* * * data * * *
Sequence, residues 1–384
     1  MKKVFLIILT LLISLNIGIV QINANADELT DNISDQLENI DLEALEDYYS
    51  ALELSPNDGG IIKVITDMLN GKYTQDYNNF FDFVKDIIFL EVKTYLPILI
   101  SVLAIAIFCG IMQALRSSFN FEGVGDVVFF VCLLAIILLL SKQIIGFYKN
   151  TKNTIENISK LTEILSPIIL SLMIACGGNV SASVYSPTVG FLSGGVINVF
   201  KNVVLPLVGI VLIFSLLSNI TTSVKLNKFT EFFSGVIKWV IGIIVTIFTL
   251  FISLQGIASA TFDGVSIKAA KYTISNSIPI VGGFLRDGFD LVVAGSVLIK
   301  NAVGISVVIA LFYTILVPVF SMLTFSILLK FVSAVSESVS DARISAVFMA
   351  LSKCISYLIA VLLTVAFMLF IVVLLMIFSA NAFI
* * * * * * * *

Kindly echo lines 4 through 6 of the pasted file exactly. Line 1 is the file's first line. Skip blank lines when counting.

   101  SVLAIAIFCG IMQALRSSFN FEGVGDVVFF VCLLAIILLL SKQIIGFYKN
   151  TKNTIENISK LTEILSPIIL SLMIACGGNV SASVYSPTVG FLSGGVINVF
   201  KNVVLPLVGI VLIFSLLSNI TTSVKLNKFT EFFSGVIKWV IGIIVTIFTL